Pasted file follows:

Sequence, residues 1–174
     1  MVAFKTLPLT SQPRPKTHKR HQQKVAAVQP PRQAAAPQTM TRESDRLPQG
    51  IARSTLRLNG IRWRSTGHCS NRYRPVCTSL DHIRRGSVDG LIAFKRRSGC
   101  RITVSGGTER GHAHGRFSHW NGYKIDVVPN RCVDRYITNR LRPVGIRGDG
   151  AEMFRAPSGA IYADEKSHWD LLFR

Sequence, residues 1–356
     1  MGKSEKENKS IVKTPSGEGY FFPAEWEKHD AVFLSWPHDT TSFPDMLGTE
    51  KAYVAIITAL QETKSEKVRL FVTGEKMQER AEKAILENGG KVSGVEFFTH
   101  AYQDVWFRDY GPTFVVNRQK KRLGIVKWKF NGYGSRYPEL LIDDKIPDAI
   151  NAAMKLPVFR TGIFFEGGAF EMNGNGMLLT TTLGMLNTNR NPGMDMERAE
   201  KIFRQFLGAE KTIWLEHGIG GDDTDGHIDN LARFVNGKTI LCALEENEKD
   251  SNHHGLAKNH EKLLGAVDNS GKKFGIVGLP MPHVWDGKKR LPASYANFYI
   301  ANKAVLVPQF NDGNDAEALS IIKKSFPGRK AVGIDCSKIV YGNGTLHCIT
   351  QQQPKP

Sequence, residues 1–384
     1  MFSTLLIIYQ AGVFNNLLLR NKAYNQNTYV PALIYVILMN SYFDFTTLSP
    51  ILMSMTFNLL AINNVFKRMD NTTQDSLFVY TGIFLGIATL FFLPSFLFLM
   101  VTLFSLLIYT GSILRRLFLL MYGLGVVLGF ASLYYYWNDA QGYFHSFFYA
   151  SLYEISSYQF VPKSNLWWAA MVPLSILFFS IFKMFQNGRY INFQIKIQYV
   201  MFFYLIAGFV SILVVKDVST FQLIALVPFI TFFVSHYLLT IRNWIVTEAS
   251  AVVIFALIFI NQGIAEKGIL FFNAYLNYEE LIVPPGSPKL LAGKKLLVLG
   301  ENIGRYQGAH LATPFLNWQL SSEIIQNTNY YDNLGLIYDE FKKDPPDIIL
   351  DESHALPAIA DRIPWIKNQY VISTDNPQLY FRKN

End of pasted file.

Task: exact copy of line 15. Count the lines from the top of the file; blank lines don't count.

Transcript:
Sequence, residues 1–384